Four year old Marla Olmstead from Binghamton, New York became the sensation of the art world for her abstract artwork, which have sold for thousands of dollars per piece. The showing of her work started off as a lark, but when the paintings sold without the buyers knowing who the artist was, the media began to run with the story. Through it all, Marla's parents, Mark Olmstead and Laura Olmstead, want to be grounded in what is best for their daughter while exposing her to whatever positive may come from the experience. But some negative and big name media also surfaces, some questioning whether Marla is the real artist behind the work, and some questioning exposing a four year old to such infamy. Regardless, the fact of this art selling brings up the legitimacy of abstract art being quantified as "quality", especially if a four year old can produce it but can't express the emotions or rationale behind its creation. Or is art truly in the eyes of the beholder? Regardless, money, in the ... Written by
Everybody always talks about Marla! Marla Marla Marla!
My Kid Could Paint That, if it's 'about' anything, or as Ebert would say how it's about it, is process. Marla is a four year old who paints, most likely for reasons nobody knows because she's four years old. It just comes from somewhere, maybe even nowhere. We see her process in little pieces, but it's really also, for a good deal of its running time, the process of the art industry today. Does an artist like Marla really stand a chance against or in the same league as other artists who put their heart and soul and body and mind into their art (sometimes the cynical kind, sometimes not)? Perhaps it all has to do with her being four years old and making these paintings that ultimately defies description by someone who isn't an art critic (pretentious or otherwise), and why Marla's parents sell her paintings at galleries and go up for sale in the tens of thousands. Is she any more talented than a Van Gogh? Keep in mind, folks, Van Gogh didn't sell a painting in his life.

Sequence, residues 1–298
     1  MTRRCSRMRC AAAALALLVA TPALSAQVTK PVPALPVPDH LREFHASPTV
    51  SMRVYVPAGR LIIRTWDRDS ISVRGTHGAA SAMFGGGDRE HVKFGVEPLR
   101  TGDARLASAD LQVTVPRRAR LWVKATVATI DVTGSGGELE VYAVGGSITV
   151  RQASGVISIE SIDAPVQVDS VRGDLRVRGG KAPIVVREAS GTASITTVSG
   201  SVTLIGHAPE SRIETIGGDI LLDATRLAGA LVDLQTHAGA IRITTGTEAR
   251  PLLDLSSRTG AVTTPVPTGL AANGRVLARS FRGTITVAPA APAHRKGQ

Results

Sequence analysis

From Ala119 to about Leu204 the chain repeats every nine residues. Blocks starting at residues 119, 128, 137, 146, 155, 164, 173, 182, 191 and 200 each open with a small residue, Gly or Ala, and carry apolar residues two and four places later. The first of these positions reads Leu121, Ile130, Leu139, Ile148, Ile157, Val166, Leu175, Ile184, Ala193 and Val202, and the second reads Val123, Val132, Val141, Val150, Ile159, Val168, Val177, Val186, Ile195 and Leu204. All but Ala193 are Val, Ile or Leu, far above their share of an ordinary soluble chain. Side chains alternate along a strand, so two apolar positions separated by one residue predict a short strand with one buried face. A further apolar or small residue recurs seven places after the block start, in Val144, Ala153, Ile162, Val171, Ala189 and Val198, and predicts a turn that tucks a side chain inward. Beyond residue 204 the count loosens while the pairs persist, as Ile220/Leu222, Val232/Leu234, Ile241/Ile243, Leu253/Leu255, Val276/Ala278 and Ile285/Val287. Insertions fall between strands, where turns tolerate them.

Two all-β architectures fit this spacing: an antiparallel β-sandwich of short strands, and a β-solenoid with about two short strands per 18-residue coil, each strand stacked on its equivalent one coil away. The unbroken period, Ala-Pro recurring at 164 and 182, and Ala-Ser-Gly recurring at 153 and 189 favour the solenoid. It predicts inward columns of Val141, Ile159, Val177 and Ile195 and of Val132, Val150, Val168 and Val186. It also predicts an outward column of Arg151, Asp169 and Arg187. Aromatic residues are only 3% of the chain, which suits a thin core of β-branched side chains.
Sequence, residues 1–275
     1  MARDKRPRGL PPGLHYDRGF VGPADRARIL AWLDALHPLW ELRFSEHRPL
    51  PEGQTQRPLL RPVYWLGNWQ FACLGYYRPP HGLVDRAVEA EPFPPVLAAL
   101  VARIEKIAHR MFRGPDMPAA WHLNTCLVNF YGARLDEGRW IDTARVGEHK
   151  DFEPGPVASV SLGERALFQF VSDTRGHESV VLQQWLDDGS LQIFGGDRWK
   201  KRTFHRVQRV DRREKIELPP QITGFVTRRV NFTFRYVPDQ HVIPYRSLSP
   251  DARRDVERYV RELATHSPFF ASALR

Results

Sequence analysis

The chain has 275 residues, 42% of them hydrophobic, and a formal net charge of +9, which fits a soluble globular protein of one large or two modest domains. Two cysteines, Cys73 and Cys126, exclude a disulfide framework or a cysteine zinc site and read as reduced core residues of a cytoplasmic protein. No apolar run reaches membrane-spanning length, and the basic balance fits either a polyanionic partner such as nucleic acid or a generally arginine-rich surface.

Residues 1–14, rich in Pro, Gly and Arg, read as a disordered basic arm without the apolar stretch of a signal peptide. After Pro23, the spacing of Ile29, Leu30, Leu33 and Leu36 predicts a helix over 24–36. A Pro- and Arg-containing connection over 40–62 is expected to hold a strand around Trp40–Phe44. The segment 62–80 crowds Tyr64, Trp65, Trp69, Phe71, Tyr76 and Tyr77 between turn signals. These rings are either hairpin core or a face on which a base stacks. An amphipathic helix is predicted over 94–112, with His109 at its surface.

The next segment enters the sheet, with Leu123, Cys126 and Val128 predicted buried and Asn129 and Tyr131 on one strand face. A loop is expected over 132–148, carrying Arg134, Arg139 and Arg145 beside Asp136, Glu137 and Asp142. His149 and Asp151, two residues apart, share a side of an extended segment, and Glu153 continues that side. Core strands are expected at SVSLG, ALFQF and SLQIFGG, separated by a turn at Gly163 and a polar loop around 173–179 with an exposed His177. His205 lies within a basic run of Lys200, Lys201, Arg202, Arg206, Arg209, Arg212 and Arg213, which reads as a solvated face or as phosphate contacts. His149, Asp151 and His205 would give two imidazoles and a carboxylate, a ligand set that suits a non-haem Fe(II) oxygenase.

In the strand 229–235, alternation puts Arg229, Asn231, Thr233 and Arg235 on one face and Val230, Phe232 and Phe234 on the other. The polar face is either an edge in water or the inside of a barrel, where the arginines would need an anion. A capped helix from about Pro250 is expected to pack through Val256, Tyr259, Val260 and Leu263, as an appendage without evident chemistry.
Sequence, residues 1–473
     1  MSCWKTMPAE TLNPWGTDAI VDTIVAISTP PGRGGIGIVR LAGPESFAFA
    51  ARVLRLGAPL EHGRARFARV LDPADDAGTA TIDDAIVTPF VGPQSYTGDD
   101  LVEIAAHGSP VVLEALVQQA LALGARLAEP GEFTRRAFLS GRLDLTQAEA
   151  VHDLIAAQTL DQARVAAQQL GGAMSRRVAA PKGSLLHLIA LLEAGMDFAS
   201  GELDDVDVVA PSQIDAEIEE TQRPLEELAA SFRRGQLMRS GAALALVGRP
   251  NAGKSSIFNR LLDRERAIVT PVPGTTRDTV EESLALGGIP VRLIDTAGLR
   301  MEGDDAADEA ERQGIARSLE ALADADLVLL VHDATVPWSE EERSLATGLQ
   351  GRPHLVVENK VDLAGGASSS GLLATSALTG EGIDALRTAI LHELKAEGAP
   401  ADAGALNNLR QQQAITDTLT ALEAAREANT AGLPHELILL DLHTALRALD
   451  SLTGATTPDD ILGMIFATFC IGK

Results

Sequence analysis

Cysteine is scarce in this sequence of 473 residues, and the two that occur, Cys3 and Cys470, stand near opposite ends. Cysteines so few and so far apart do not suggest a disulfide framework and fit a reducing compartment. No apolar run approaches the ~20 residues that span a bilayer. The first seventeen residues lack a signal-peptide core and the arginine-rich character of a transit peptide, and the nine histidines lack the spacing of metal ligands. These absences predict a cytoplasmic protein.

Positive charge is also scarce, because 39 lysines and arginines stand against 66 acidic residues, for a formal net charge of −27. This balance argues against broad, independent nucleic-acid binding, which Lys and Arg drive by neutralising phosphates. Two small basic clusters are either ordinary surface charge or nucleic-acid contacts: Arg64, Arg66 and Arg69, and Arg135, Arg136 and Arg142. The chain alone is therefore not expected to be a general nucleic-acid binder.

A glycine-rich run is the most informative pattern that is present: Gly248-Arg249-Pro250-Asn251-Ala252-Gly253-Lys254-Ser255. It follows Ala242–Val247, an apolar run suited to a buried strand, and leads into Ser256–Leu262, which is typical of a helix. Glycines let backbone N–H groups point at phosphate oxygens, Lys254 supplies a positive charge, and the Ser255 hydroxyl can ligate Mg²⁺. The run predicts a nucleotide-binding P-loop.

So it's not just about the process of a four year old artist- who, as we see argued in the film, may have not even painted all of her paintings as her father is suggested as another- but about the media's scrutiny, of that 60 Minutes piece, and then, ultimately and thankfully, the process of film-making and capturing a family on film. The director gets close to the family and their situation of their daughter, and they by proxy, being recognizable on a national scale. At first the director just wants to take a look, as he's asked point blank by the female journalist seen often in the film, at modern art through this story and Marla in the scope of it. But we see this struggle play out of his subjectivity, of his perception of what's going down, and it shapes the rest of the film for about the last twenty minutes or so. Where before we didn't see much of him, the director, living sometimes 24 hours a day around Marla and the family and filming (and getting great footage) becomes part of the subject.
What is art? How do we define it, or what makes a particular work successful? Jackson Pollock is shown, of course, but as is a lot of 'abstract art', what it means to put a piece out there and how it finds its audience. To be fair, I'm not sure if Marla's works would get the kind of grandiose attention it got if not for the practical gimmick of her age, but some might based on the merits and talent on display. At one point a critic looks at it and interprets a little section of the painting as if its a doorway and a little figure is there. Why does he see the significance there? Who knows? Who cares, even, except that the work makes an impact. And the director's goal with My Kid Could Paint That is to take Marla's story, of a cute little girl who is basically a kid who wants to just be a kid (as we can see inasmuch in a 80 minute film), and may indeed get a little nudging, more or less, from her father in some of her paintings.
Some have questioned about the validity of the works, about how much is really Marla's father, who works in a Frito-Lay factory as a manager (the mother a dental assistant, notching up very middle-class roots), and how much we actually see on film of Marla painting compared to the works when the camera wasn't around. Does this depreciate the value of the paintings then? That's not entirely the point the filmmaker is out to make, though he brings it up in a tense interview late in the film. The film is most successful at bringing to light how we get to conversations about art and artists and the commerce of it in the first place. Some of it is a gimmick that connects, yes. Who knows if Marla will still be painting next year, or even now. But we see the process realistically at work, on and behind the camera, and that makes it interesting.
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